They’re here. The tourists, that is. Actually, they’re everywhere. Because I love this little town and I love the people who live and work here, I am glad that the tourists are here. There do seem to be quite a bit more of them than last year, probably due to the fact that it is so hot everywhere else in the world and, though it is still hot here, it’s nothing like other parts of the Southeast. Additionally, everyone is afraid of being attacked by rogue tarballs in Florida, so no one is heading that way this summer either.

So, they’ve come here. Driving slowly and weaving around as they look at the mountains. Ignoring everyone else around them. Walking down the center of the aisle at the grocery store or spreading out all across the sidewalk like…..like…..like they’ve got all the time in the world. Like they’re on vacation or something. Yeah, I know, THEY ARE on vacation. And I’m not. And neither are all of the people employed in vocations that interface with them.  And yet sometimes……not all the time and not with every single person that comes….. but sometimes it sure does seem that there are a few tourists who have a kind of frontal lobotomy before coming on their trip.

I’ve never lived in a town that had tourists before. I mean, certainly, there were travelers that came to the other places I’ve lived. They were, after all Bigger City and Really Big City and lots of people come to big cities. However, vacationers in a tourist town are different. I have not traveled extensively, at least in comparison to those whom I know who have traveled extensively, but I have seen this kind of tourist zombie before. In other countries they’re called ugly Americans though I do not know what we should call them here. I think Tourist Zombies does work quite well. They complain about people in Mexico and France not speaking English. They are rude and loud and critical and, from time to time, downright insulting. They sometimes seem to think that every local person is part of a Disney-style diorama installed for their critique and photo-op.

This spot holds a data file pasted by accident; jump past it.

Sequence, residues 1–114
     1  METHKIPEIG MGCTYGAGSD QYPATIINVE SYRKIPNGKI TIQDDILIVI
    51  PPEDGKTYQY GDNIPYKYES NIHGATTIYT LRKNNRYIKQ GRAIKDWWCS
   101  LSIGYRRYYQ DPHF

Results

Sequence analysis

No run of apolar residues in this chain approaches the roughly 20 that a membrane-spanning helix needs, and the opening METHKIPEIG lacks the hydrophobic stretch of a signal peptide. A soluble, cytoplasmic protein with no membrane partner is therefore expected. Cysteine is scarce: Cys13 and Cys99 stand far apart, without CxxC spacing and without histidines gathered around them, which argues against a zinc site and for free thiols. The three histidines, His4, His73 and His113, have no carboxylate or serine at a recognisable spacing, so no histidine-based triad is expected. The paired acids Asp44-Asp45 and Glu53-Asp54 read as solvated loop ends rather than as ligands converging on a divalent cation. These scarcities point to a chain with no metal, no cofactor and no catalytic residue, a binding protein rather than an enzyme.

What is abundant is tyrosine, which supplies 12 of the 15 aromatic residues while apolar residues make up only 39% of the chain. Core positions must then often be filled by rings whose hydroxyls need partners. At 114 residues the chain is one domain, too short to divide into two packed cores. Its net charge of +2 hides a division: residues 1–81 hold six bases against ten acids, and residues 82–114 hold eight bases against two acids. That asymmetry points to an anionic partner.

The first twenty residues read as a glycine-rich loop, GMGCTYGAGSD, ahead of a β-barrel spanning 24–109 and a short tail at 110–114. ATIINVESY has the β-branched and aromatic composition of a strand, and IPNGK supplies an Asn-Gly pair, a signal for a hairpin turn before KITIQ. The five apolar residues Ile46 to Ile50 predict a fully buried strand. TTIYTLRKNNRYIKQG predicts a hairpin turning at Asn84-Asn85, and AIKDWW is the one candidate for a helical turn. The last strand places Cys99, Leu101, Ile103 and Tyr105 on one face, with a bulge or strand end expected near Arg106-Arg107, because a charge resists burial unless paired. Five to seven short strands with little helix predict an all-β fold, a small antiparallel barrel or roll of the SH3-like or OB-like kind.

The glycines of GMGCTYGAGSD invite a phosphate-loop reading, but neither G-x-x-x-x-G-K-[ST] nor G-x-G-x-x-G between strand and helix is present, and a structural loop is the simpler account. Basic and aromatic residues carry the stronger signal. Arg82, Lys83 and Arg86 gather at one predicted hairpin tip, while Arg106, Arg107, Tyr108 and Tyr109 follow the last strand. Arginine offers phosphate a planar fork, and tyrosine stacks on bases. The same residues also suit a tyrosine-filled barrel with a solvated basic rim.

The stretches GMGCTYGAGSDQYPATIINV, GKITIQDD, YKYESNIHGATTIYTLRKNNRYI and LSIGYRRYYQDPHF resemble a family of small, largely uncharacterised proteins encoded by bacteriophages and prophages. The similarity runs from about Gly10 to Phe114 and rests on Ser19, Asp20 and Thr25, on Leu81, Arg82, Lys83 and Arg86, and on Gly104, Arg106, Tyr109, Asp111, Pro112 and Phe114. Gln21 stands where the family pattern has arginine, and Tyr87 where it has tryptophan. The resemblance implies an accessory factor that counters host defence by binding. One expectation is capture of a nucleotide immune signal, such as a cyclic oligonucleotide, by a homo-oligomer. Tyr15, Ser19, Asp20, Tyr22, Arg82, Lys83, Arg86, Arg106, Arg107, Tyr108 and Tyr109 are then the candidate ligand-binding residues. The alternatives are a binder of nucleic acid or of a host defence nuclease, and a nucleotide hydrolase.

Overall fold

Somehow, I think they probably do not behave like this at home and are under some kind of inordinate stress brought about by the rigors of travel and the strain of waiting for the next highway exit with a McDonald’s and a bathroom, or close quarters with family members to whom they would like to do bodily harm.  Perhaps they do not realize that the store-clerk they are speaking with is not an animatronic machine at Epcot but is, in fact, a real live human just like them. Maybe the fact that they did not pack their entire brain for the trip causes the inability to function like a normal person.

Granted, I am not being fair to the majority of visitors to this area. Most come here because the love it here. The majority come here because they love the beauty of the mountains, the culture, the pace of life and so much more. Many love it so much that they move here on a permanent or semi-permanent basis. I agree with them–I love it here, too, and think it is the most beautiful place in the world.

So, perhaps the Zombie Tourist is a reminder for everyone and, I will confess, a reminder to myself as well: when packing for vacation, please do not forget your frontal lobe.

Half Day Off

Today was a half day off and I spent part of it in Dillsboro.  I can tell that spring is officially here, not because of flowers or pollen or warmer weather. I can tell because everywhere I go, people ask me something about my ‘visiting the area’. Tourist season is upon us. Before long, we will be beset by the one and only traffic woe we have in this area: the slow and confused vacationer. A friend of mine once said she wanted a bumper sticker that said “please get out of my way, I am not on vacation”. So I shopped for a bit in Dillsboro, determined that a half day off would not turn into a full day that just got started late. Got fudge from the chocolate shop to take home to mom in a few days and was sad to see that the fabric store is yet another small shop fallen prey to hard financial times. Apparently it closed last week. 

 Dillsboro Chocolate Shop Spring creeps up the mountain side and each day on my way home from work I can see more and more of the grey-brown coats of the mountains turning into their lovely spring dresses. Watching the seasons change is like seeing the tide marks on the sand as the ocean slinks in and out. Lovely flowers out in front of our church and also Jarrett Memorial Baptist Church. 

 flowersJarrett Memorial Baptist Church 

 But, perhaps most lovely of all are these Lenten Roses.  I think that’s what they are, though I could certainly be corrected if they are not. I just learned that they previously belonged to the mother of a parishioner and were replanted here upon the lady’s death. Quite nice, I think. 

 Lenten Rose